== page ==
Alan Simpson: The current ‘energy debate’ is in danger of descending into little more than an unsavoury slanging match. Ed Miliband’s price freeze proposal was a brilliant opening ploy. But in the vacuum that followed, it looked more like a policy space the Party didn’t know how to fill. The moment called out for a radically different plan of what tomorrow’s energy market must look like. All it triggered, however, is a debate dominated by the political crazies. Egged on by the Tabloid Tories, David Cameron’s resurgent Right are blaming everything on ‘Green’ taxes, and demanding their repeal. Behind a rallying cry of “Only pollution can save the poor”, Cameron’s crazies are calling for the deregulation of everything that might make a dirty industry clean up its act. The sad thing is they are getting away with it: decarbonisation targets are being abandoned, zero-carbon homes are off the agenda, renewable energy is under attack, ‘Warm Home’ grants are replaced by Mickey Mouse/Green Deal loans … And now, they even want to abandon their legal duty to end fuel poverty.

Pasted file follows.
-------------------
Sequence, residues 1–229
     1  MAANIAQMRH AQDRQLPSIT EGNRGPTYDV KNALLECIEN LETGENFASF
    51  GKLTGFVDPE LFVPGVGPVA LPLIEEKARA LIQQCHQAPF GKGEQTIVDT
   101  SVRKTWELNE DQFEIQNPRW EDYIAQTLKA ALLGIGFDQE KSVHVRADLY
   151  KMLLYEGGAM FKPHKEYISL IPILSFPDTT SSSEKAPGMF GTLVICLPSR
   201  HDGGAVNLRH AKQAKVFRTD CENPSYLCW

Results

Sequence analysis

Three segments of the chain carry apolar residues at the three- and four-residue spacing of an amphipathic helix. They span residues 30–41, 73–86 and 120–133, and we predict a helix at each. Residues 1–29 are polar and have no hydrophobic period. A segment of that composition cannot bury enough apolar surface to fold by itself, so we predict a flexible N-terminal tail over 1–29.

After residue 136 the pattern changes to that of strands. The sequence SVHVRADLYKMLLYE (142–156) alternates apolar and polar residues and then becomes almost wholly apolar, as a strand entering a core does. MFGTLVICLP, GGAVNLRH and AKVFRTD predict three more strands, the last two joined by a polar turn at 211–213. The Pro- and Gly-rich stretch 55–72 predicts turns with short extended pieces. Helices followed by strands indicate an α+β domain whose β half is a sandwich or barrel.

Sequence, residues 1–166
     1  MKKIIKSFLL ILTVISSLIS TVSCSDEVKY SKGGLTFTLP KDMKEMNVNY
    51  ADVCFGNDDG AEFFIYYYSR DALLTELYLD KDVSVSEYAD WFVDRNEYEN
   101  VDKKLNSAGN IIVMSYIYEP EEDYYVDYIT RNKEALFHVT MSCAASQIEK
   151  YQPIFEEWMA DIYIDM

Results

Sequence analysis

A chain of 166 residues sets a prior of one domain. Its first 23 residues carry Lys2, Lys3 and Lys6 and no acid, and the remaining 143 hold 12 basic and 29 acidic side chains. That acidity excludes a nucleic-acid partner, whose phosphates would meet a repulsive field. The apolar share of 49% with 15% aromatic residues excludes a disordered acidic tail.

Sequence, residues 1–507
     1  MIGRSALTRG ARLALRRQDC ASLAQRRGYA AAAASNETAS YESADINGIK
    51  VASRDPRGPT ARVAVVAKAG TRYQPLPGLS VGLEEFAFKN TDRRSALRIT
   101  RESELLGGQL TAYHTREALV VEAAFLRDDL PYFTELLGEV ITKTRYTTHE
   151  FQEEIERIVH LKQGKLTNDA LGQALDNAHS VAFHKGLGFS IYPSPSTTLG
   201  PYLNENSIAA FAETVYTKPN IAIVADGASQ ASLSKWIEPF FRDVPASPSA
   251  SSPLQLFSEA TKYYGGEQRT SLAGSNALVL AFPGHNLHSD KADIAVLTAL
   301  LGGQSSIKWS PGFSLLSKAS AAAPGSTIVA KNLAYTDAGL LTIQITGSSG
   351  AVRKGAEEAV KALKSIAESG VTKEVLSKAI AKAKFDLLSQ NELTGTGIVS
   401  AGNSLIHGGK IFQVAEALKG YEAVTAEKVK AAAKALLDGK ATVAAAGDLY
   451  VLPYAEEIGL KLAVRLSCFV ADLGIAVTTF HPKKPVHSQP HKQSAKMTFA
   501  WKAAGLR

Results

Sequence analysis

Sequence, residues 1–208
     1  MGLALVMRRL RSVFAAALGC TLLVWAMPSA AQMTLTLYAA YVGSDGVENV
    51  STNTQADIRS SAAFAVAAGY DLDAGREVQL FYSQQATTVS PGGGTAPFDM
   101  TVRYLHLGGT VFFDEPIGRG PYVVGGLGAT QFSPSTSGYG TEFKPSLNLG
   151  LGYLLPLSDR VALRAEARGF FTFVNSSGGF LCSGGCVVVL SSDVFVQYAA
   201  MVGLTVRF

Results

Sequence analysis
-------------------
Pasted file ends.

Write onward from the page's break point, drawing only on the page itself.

Renewables International 10th Jan 2014 read more »
A £35m investment to explore for shale gas in the East Midlands by the French energy giant Total could deliver enough gas to supply the entire UK for six months, senior industry sources have said. Engineers have reported that there are up to 13 trillion cubic feet of natural gas under the two licensing areas near Gainsborough, Lincs. Shale explorers estimate that, by a conservative reckoning, 10pc of the gas is recoverable using fracking, whereby high pressure water and sand is pumped into the rocks.
Telegraph 11th Jan 2014 read more »
Michael Fallon: It is vital that we win fight with EU over red tape on Fracking.
Sunday Sun 12th Jan 2014 read more »